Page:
By Will Meadows
Sunday, July 14th, 2002
The NBA's offseason is always full of hope and promise. With new draft picks
and free agent signings, NBA teams can transform seemingly overnight from
conference doormats to NBA darlings. For some teams, the hopes of the future
can come crashing down before the first training camp. Without further delay,
let's begin our journey into the basketball abyss we call the NBA.
Last week, the NBA held its annual draft in New York. Apparently, the
Seattle Supersonics did not get the memo that says pick the best player
available. With the 49th pick in the second round they drafted 6'11" forward
Peter Fehse from Germany. This is not to say Peter will never become
a serviceable NBA player. I cannot pass judgment on him because I have not
seen him play, but guess what, neither have the Seattle Supersonics.
Seattle general manager Rick Sund admitted that his organization had
not seen the German big man play and admitted they made the pick based on
a tip. Whom are the Sonics getting their tips from, Mickey Mouse?
Good job, Seattle, your ship is sinking faster than the Titanic. Note to
perennial all-star Gary Payton and Sonic head coach Nate
McMillan, grab your life preserver while you can.
Meanwhile, down in New Orleans, the newly transplanted Hornets are
trying to come to an agreement with rising star Baron Davis. Baron
wants to leave the Hornets because he does not want to play in New Orleans.
The prolific point guard wants to be traded to a team in the Los Angeles
area where he played his collegiate ball at UCLA. Baron also is interested
in hanging his sneakers in Chicago and New York, which are
also on his short list for future employment. He has one year left before
his contract is up, and then he can take his services to the highest bidder.
Hornets personnel man Bob Bass has said he will not trade Baron under
any circumstances. To move things along, the Hornets have backed up the Brinks
truck and offered him a six-year contract extension worth the league maximum.
I can see Baron now looking out his window and saying to himself, "I hear
you knocking, but you can't come in."
The situation is only going to escalate if both sides cannot reach an amicable
agreement. By the time the situation is settled, the Hornets are going to
wish the Brinks truck had run Baron Davis over.
If you are a Los Angeles Clippers fan, you have my deepest condolences.
Clippers owner Donald Sterling had a deal worked out on draft night
with the Cleveland Cavaliers. The Clippers would have sent the 8th
and 12th picks along with the multi-talented and often-suspended Lamar
Odom to Cleveland. In return, the Cavaliers would have shipped point
guard extraordinaire Andre Miller to the Clippers.
The Cavaliers told Clippers management to select Caron Butler with
their eighth pick. It appears the Clippers have selective hearing because
instead of taking Butler, they took Maryland power forward Chris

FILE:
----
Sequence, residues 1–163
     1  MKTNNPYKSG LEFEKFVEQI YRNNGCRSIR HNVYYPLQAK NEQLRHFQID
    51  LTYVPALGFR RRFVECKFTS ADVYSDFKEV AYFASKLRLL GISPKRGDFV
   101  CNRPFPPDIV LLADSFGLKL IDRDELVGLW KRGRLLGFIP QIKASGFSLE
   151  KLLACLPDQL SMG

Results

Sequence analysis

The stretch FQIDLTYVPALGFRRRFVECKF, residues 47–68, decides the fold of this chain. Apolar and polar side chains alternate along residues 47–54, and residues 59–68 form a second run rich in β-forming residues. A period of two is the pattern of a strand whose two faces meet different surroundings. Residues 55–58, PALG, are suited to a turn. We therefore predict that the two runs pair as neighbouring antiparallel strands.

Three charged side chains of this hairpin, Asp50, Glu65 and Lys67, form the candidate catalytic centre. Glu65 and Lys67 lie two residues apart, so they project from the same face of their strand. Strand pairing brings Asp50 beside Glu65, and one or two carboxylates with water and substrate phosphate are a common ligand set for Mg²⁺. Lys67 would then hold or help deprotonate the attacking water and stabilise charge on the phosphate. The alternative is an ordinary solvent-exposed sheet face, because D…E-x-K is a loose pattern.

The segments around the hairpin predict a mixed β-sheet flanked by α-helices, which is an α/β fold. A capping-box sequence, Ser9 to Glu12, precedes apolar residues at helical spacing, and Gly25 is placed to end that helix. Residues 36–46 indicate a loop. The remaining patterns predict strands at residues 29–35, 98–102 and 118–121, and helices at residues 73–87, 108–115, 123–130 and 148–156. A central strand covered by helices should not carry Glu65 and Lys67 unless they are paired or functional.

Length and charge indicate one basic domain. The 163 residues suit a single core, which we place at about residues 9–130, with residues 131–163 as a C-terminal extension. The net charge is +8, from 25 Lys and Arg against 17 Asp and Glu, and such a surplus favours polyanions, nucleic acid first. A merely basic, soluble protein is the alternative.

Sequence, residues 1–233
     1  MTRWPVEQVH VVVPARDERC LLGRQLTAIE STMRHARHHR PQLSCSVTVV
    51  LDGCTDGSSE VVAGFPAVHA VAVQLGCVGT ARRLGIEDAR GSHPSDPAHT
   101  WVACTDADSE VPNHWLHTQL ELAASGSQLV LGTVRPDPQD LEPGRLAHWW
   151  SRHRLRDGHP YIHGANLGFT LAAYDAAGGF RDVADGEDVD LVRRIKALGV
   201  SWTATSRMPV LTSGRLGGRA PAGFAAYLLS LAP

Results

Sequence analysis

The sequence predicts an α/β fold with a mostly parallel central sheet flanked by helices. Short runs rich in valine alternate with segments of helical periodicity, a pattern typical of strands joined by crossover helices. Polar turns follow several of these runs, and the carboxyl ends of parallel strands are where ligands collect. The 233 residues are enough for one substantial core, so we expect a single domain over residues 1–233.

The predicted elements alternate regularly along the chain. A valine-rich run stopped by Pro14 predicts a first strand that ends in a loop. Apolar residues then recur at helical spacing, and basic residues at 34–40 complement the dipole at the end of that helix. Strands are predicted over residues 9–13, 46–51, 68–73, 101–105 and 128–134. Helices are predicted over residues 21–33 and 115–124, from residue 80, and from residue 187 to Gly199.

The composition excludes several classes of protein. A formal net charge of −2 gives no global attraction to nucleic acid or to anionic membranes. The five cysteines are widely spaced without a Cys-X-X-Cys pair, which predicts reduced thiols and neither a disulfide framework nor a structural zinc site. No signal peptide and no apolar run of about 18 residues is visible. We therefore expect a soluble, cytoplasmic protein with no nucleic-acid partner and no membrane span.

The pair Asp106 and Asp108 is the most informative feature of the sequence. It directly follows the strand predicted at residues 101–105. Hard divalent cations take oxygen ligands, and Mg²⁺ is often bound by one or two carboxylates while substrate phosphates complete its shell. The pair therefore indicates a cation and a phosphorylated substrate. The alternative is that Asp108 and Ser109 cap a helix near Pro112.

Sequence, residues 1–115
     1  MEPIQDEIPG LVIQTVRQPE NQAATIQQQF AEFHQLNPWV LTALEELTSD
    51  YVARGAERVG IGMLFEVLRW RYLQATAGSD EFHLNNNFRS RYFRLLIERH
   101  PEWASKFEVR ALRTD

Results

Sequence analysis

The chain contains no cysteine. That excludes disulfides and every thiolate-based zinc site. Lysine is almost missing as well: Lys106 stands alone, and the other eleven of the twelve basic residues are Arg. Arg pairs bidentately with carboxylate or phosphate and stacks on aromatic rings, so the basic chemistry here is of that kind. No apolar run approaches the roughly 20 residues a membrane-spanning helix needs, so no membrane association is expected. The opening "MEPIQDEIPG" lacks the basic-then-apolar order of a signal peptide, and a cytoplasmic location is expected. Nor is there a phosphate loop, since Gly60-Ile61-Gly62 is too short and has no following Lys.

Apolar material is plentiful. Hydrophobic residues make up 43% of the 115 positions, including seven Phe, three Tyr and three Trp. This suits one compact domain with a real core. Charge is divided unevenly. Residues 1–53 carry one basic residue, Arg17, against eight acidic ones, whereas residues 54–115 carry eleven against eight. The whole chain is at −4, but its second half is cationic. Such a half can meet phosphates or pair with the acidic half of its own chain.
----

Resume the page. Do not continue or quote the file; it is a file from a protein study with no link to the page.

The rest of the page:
By this point in time, you know Cleveland had realized the Clippers had shafted
them and the deal was off. Here is what I gather from this whole situation.
Over the past two seasons, the Los Angeles Clippers have amassed the best
young talent in the NBA. By making a trade for future all-star Elton
Brand on draft day last year, the Clippers sent a message to the league
and its fans. The message conveyed was that they were building an organization
that would compete with the talent of their Staples Center roommates, the
Los Angeles Lakers.
The fairytale story will end if the Clippers do not do something to shore
up their current point guard situation and open the vaults to compensate
unrestricted free agent Michael Olowokandi. To add more headaches
for the Clippers, starters Corey Maggette, Odom, and Brand all are
eligible for contract extensions this summer. Not to mention, guard Jeff
McInnis wants a hefty pay raise for his services.
Donald Sterling is starting to revert to his old ways of throwing pennies
around instead of dollars. This is evident by not wanting to add payroll
by signing Andre Miller if the trade would have went down. The team of the
future will come to a screeching halt if money is not invested in the teams'
young stars, and improvements in depth and at the point guard position are
On a more serious note, Utah Jazz center Greg Ostertag did
something that is more courageous than any thing he could have done on a
basketball court. He donated one of his kidneys to his sister who had
complications due to diabetes.
This is just one example of a real life issue that athletes face in their
lives. Sometimes, we make the mistake of thinking our heroes are invincible,
and impervious to any real life problems because of their perceived fame
and fortune. In reality, athletes are just like you and me with the exception
that they have a gift to perform at a higher level when it comes to athletic
People rarely get to hear of the good deeds that happen outside of the arena.
Most athletes do not want the attention or they feel like people will view
it as self-promotion. Athletes like Ostertag should be put on a pedestal
for their generosity above their athletic achievements. Greg Ostertag has
often been criticized for not playing with heart on the court. While off
the court, he has a heart of gold.